I'd have been quite interested in a Mass Effect that went with a genesis for the Reapers such as that. And you could do some cool things by leaning into it. Make the Reapers distinct from each other, like, wildly distinct. They're entire species after all. Maybe have the creation of a human Reaper succeed, now there's an entity that you can more sensibly communicate with. Give some idea of what being a Reaper, or an entity contained in a Reaper is like. Is destroying them itself another genocide?

    But that's very much not a Captain Heropants saves the day story, and we were never going to get any sci-fi ideas that weird out of Bioware. Or really anybody, that's more the realm of novellas from, like, 1974.
    Blood-red were his spurs i' the golden noon; wine-red was his velvet coat,
    When they shot him down on the highway,
    Down like a dog on the highway,
    And he lay in his blood on the highway, with the bunch of lace at his throat.


    Alfred Noyes, The Highwayman, 1906.

  11. - Top - End - #971
    Bugbear in the Playground
     
    RedKnightGirl

    Join Date
    Jul 2023

    Default Re: What Are You Playing: 9 Years since the Last Dragon Age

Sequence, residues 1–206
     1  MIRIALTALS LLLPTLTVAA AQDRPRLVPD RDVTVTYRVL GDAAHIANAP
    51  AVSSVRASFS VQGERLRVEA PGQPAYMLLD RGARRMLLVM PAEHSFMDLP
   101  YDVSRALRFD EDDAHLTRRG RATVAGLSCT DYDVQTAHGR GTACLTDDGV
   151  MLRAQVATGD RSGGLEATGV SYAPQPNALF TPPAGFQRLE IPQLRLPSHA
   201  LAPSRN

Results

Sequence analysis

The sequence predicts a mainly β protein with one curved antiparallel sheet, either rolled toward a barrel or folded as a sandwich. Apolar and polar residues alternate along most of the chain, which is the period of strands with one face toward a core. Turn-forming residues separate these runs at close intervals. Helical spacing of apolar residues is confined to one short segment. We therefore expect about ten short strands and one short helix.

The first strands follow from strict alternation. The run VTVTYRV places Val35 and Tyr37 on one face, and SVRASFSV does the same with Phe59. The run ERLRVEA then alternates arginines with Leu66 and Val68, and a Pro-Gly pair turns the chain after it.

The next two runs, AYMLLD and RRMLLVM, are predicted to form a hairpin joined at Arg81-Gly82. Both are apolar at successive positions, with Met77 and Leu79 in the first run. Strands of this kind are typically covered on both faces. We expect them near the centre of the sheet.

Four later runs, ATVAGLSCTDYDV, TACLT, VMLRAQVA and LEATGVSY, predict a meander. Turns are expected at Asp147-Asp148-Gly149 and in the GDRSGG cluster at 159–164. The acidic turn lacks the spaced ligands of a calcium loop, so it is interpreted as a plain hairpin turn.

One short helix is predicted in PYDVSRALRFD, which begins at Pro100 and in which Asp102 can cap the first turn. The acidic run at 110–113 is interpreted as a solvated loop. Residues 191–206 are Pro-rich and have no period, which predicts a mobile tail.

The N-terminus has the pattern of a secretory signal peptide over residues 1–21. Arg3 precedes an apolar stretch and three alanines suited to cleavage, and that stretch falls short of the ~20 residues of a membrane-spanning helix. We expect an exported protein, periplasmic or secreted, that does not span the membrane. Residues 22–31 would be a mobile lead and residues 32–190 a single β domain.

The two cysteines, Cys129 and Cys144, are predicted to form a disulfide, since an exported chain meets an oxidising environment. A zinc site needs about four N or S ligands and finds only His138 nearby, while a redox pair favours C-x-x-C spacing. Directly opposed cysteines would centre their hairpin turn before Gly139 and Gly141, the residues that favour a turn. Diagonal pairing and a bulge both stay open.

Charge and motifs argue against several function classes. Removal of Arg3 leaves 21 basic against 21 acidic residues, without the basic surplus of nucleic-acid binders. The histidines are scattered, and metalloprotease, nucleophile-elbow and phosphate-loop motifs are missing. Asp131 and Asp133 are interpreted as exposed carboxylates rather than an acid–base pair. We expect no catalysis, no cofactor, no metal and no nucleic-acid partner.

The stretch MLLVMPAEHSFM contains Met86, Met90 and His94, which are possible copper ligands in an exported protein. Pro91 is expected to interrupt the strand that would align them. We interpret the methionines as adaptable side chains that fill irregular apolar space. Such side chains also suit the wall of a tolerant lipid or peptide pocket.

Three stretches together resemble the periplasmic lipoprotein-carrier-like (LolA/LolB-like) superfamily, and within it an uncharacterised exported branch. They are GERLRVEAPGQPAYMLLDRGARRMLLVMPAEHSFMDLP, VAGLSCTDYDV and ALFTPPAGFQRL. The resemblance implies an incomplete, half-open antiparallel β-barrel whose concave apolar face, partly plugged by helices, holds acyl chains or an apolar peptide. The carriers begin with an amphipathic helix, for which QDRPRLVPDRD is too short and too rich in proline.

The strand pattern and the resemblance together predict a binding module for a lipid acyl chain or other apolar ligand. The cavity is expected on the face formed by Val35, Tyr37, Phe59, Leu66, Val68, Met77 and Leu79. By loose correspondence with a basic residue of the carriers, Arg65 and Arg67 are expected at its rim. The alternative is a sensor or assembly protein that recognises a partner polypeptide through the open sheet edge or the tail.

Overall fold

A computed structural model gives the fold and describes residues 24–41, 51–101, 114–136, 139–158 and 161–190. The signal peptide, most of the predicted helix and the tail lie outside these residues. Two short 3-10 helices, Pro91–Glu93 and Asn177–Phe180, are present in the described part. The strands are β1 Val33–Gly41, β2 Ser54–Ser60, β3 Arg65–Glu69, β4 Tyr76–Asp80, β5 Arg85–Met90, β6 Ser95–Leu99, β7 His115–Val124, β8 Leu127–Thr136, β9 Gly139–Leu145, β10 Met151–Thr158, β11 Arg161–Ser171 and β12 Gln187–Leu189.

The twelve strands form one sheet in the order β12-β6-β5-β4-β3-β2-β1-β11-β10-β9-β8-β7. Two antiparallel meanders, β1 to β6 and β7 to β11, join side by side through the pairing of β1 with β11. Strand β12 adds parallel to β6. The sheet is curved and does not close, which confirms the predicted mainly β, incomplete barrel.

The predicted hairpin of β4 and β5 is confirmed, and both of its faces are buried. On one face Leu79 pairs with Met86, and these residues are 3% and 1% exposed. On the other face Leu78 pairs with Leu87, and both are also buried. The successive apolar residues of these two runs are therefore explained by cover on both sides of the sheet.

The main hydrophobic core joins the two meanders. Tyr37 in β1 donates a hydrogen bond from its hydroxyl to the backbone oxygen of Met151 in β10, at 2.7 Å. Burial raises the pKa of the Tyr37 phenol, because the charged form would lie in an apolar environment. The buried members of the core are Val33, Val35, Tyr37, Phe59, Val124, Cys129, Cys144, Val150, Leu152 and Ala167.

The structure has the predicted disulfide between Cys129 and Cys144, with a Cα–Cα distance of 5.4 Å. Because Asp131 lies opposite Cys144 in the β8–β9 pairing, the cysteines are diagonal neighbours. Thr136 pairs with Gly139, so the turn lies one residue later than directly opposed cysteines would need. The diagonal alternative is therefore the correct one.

Quote Originally Posted by Zevox View Post
    Omega was a fun adventure to me. Not up there with Shadowbroker and Citadel as one of the best ME DLCs, but not one of the weaker ones either (which I would put as Overlord and Leviathan).
    Eh. It's very Aria-centric, and she's not a character I find particularly compelling. I also think compared to Leviathan and Citadel it's setpieces were pretty weak. Returning to the bar from Mass Effect 2 to fight another Cerberus flunky just did not have the same impact for me as meeting an ancient Leviathan in the abyss or fighting through the Normandy to confront your own clone.

  12. - Top - End - #972
    Dwarf in the Playground
     
    DwarfFighterGuy

    Join Date
    Sep 2023

    Default Re: What Are You Playing: 9 Years since the Last Dragon Age

    Quote Originally Posted by warty goblin View Post